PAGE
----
And the most useful time chunk for Video processing is the time it takes for a single frame of Video. That is, a TV (for example) can buffer a frame or two of Video -- holding them in memory while they are processed -- and then release them in time to capture the next frame in that memory buffer.
If you consider Film Frame Rate content -- 24 frames per second -- you end up with a time per frame of 41 2/3 ms -- milliseconds (thousandths of a second). Let's round that down to 40 ms.
Thus it is typical for a TV to try to get *ALL* its Video processing done in 40 ms -- or 80 ms. Suppose the particular combo of processing you've asked for only takes 65 ms? Well the TV will likely still hold things for 80 ms just to keep things "simple". But if the processing takes 85 ms? The TV will likely bump things up by another Frame time -- to 120 ms. (OR it will cut corners on that combo of Video processing requests!)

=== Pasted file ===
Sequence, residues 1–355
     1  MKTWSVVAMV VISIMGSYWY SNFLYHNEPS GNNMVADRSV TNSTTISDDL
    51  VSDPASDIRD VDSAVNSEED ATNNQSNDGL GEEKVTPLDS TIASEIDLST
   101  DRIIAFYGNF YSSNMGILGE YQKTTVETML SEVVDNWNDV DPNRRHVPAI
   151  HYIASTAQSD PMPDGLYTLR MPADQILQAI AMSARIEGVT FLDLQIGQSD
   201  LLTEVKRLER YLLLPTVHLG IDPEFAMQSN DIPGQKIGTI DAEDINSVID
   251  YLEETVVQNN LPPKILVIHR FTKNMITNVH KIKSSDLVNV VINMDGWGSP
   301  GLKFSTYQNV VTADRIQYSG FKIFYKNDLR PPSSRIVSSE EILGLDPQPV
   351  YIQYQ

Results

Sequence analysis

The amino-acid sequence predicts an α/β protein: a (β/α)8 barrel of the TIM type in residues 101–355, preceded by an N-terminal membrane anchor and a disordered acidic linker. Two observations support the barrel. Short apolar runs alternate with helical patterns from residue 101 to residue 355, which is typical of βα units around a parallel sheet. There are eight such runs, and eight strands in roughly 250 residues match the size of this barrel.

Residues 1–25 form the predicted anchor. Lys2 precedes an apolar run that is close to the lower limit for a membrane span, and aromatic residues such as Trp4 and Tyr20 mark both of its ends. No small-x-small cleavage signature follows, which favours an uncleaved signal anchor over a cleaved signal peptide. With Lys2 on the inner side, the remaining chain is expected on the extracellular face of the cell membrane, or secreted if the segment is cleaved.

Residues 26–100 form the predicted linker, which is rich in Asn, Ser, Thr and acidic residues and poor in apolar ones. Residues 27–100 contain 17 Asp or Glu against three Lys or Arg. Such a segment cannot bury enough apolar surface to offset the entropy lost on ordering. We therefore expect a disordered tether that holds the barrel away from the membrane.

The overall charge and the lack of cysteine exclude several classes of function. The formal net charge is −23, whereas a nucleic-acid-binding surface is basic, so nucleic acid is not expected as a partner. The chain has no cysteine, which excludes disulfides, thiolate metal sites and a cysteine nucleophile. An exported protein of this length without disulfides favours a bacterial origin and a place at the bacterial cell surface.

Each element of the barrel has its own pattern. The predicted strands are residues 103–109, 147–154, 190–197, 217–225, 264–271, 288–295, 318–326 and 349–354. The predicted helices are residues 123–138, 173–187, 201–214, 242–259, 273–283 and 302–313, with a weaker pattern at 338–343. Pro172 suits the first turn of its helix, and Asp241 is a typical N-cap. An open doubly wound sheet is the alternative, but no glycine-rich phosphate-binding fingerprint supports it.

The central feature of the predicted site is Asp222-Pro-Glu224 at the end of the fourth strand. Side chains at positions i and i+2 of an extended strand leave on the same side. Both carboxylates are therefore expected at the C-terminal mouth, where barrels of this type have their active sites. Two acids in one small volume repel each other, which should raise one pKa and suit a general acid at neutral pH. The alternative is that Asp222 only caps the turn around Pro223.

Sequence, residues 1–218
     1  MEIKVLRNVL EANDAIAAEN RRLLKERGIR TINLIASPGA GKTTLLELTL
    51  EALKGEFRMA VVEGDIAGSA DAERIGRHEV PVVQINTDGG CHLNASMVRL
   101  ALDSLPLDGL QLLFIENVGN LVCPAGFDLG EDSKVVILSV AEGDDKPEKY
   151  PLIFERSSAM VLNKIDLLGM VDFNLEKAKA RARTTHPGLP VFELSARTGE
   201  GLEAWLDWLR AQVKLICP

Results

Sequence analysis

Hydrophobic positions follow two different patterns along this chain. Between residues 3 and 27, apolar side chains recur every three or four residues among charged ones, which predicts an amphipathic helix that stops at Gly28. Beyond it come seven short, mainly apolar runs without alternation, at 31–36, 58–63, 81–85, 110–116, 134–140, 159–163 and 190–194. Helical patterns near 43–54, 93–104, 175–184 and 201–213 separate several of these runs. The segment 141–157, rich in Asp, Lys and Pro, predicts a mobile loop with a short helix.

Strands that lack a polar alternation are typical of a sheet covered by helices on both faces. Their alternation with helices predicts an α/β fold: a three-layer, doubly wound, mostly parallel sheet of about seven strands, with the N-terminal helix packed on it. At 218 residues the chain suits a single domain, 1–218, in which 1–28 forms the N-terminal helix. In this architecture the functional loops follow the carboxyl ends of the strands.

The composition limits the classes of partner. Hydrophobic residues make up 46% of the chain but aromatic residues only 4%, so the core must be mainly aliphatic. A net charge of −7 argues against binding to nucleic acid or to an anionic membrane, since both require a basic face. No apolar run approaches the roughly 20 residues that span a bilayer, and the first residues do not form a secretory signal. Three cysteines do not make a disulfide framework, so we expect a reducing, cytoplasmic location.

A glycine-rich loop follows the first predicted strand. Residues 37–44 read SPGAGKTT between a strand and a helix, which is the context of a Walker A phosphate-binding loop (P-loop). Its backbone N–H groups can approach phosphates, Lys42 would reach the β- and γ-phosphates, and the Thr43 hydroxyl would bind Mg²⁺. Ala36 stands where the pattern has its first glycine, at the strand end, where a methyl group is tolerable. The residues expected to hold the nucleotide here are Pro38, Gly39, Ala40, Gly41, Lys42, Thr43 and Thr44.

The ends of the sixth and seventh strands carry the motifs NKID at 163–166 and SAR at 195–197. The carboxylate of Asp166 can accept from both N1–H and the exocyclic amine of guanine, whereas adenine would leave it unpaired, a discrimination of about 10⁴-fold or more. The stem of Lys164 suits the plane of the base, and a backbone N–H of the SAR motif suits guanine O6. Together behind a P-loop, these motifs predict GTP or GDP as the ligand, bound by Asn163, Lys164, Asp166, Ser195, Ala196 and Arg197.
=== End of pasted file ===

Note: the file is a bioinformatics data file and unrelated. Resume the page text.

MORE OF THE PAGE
For Video Frame Rate content -- 60 frames per second -- the per Frame time is 16 2/3 ms. The TV MIGHT adjust its buffering time, but it may need extra Frame times to get its processing done.
Note that the way the math works here, 2 Frame times of 24 fps content equals 5 Frame times of 60 fps content -- both are 83 1/3 ms. So if you use THAT as your reserved Chunk of time for Video processing you can have a set number of full Frames for both frame rates! Of course that means you need to be able to get all the processing done for FIVE Video Frame Rate frames in the same amount of time you've allowed for processing only TWO Film Frame Rate frames.
(Which is why you may discover TVs only offer some of their processing when fed the slower, Film Frame Rate content!)
Whatever the case, your goal is to discover how much you need to delay your Audio so that it matches up with the processing time your gear has reserved for Video. Note that this can get complicated because your source device (perhaps a disc player or a cable or satellite TV box) may be doing some Video processing of its own, your Audio Video Receiver (AVR) may be doing some video processing, too, and of course your TV is going to be doing a pile of video processing.
And each piece of gear may also be contributing some Audio delay! For example your source may or may not be delaying its audio output to be in correct sync with its video output. And your AVR may or may not be doing the same.